Both the forensic science and biometrics ‘strategy’ documents lacked detail, underlying principles, and indeed, any discernible ‘strategy’. Adequate governance and oversight of both forensic science and biometrics is urgent. The importance of creating a transparent and accountable regime for the use of biometrics, and forensic science, that is simultaneously legally justifiable, socially acceptable and ethically sound, has been the core message of multiple reports and publications for many years. There remain serious questions over the effectiveness of the England and Wales model of forensic regulation. Although there has been significant progress with initial aims and objectives and broad stakeholder engagement, both the Forensic Science Regulator (FSR) and Biometrics Commissioner lack meaningful powers, and significant gaps in regulation and oversight remain. Accreditation across the forensic science sector is not only inconsistent but is superficial. Both also face serious resource restrictions with debilitating limitations on their capacities, while wider austerity measures throughout the criminal justice system hamper efforts to raise standards in forensic science. Both areas suffer from the lack of responsiveness of the law, with legal governance and guidance lagging behind the development of technology. Legal principles, such as proportionality, need to be properly accounted for in the necessary public and parliamentary debates around the acceptable use of biometrics and forensic technologies.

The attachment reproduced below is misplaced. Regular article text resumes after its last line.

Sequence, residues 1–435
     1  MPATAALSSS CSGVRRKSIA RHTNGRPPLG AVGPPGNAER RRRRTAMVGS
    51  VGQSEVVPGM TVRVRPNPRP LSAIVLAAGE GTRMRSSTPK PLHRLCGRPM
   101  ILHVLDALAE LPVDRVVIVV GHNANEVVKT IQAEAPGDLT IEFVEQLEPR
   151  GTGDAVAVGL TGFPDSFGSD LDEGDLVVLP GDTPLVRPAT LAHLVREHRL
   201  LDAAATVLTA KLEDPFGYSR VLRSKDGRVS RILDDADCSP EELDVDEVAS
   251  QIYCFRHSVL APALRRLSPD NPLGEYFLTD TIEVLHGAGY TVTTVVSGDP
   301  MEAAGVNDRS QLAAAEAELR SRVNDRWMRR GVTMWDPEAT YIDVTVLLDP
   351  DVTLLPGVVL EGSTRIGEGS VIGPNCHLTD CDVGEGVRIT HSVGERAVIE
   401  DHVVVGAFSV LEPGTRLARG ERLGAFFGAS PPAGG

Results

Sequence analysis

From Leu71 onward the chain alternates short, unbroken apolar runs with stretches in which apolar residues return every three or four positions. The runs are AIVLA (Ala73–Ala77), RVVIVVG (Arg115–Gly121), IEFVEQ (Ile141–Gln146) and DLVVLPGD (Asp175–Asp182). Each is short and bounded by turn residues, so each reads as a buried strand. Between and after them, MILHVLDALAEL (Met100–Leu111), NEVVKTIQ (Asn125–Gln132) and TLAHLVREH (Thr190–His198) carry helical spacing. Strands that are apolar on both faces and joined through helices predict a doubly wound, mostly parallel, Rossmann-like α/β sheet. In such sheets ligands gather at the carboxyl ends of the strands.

|Type||Parliamentary inquiry response|
|Media of output||Text|
|Publisher||House of Commons Science and Technology Committee|
|Number of pages||7|
|Place of Publication||London|
|Publication status||Published - 18 Jul 2019|